A new report confirms, once again, an old bit of wisdom: The smartest investment for most people across the globe are low-cost, low-volatility index funds.
That's according to investment research firm Morningstar's 2019 "Mind the Gap" report, a biennial global study of investor returns. Morningstar found that individual investor returns are lower, overall, than the returns for the mutual funds and ETFs that they are investing in. The "gap" in the report's headline refers to the gap between how any fund performs and how people invested in that fund fare. Returns had the worst performance in the most volatile markets.
That indicates that people are withdrawing their money from the stock market at inopportune times, or when the market is dropping, according to Morningstar. If investors left their money alone, as experts advise, during times of stock market turbulence, you would not expect a "gap" compared to the total returns for a fund that they are invested in.
Individuals fared better when they were invested in low-cost, low-volatility funds, Russel Kinnel, chair of Morningstar's North America ratings committee, noted in a press release. The report also found that those making automatic contributions to their investments — say, by contributing a percentage of every paycheck — were the most successful.
"Investors should continue to prioritize low-cost and less-volatile funds, and steady investments that can stand the test of time," says Kinnel.
The good news: The gap between a fund's performance and its investors' performance is shrinking. Before 2017, the gap was more than three times as big. Investors might be learning a thing or two.
Investing in low-cost index funds, which cover broad swaths of the stock market (therefore making them more diverse and less volatile), is the strategy most commonly advised by financial experts for individual investors. Even Warren Buffett, the billionaire founder of Berkshire Hathaway, advises people to stick to index funds over stock picking or other types of investing.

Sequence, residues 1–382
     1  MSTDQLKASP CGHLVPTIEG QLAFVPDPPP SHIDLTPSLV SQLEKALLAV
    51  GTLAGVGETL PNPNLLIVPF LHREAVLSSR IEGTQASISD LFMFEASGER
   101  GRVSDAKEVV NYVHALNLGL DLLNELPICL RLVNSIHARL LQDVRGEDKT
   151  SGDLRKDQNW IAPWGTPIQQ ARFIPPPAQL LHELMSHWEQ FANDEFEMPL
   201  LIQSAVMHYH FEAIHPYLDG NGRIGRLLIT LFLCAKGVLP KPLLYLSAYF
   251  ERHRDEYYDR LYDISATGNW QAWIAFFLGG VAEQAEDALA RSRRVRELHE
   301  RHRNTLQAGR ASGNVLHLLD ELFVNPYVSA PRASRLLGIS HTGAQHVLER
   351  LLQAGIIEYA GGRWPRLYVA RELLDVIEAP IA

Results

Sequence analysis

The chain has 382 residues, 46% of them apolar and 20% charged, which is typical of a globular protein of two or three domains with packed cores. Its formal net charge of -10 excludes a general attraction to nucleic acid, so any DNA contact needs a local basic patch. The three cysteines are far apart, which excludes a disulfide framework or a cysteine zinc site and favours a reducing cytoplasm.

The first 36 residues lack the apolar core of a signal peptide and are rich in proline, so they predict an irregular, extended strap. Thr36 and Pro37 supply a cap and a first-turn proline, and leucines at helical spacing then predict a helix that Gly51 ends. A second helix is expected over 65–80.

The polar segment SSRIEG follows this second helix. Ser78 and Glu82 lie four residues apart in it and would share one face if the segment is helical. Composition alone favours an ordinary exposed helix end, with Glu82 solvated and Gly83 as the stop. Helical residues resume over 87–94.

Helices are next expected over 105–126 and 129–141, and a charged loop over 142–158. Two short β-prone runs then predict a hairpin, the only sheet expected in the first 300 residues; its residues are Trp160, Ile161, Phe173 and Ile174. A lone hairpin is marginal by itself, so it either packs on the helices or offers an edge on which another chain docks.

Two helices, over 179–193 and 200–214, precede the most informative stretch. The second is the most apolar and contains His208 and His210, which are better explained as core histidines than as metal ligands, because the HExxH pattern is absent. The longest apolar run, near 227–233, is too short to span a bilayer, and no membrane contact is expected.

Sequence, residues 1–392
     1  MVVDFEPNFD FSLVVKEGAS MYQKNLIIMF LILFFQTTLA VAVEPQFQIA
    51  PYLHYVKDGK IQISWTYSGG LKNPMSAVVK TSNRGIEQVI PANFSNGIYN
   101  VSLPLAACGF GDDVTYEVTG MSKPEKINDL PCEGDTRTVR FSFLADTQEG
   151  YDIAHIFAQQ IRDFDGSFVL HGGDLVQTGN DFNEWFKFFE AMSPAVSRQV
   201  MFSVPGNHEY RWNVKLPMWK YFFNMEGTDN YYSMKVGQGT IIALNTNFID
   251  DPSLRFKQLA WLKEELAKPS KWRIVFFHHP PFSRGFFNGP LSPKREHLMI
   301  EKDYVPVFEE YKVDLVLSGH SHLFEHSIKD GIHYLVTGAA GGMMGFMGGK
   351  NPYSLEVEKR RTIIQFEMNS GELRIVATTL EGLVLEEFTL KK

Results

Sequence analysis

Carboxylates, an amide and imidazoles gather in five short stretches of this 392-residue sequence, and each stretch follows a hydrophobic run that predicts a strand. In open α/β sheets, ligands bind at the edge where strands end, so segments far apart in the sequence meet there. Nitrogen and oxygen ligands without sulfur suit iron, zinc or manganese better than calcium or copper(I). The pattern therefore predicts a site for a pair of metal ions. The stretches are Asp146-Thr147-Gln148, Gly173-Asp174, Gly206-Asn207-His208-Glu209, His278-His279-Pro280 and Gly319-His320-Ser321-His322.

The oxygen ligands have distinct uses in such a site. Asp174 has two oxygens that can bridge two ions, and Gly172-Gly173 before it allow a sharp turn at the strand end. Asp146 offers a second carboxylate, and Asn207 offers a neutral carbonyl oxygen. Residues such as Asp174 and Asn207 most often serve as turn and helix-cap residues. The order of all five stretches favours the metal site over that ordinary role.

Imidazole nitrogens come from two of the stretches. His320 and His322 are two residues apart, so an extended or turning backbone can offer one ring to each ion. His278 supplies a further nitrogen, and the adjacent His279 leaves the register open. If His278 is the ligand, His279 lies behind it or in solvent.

"Costs really matter in investments," Buffett told CNBC in 2017. "If returns are going to be seven or 8% and you're paying 1% for fees, that makes an enormous difference in how much money you're going to have in retirement."
Funds that passively track the S&P 500 or another index can have expense ratios — the cost you pay the broker to invest — as low as tenths of a percent. The average expense ratio of passive funds was 0.15% in 2018, according to Morningstar. The original index fund, the Vanguard 500, has an expense ratio of just 0.04%. Some brokerages, like Fidelity, among others, have even started to offer no-cost index funds.
That's good for everyday investors because a higher expense ratio, even something as seemingly small as 1%, can eat away at returns.
As Morningstar's report notes, the low-cost funds are only effective if you continuously invest in them and don't try to time the market, or pull money out when it starts to drop. Doing so will hurt your returns, and you'll miss out from any potential rebound in the market. The S&P 500 had 17.8% 10-year annualized total since it bottomed out in March 2009, which matched the gains made by the S&P following the downturns in 1982 and 1987.
Update: This article has been updated to reflect that Schwab does not offer fee-free funds.
Like this story? Like CNBC Make It on Facebook!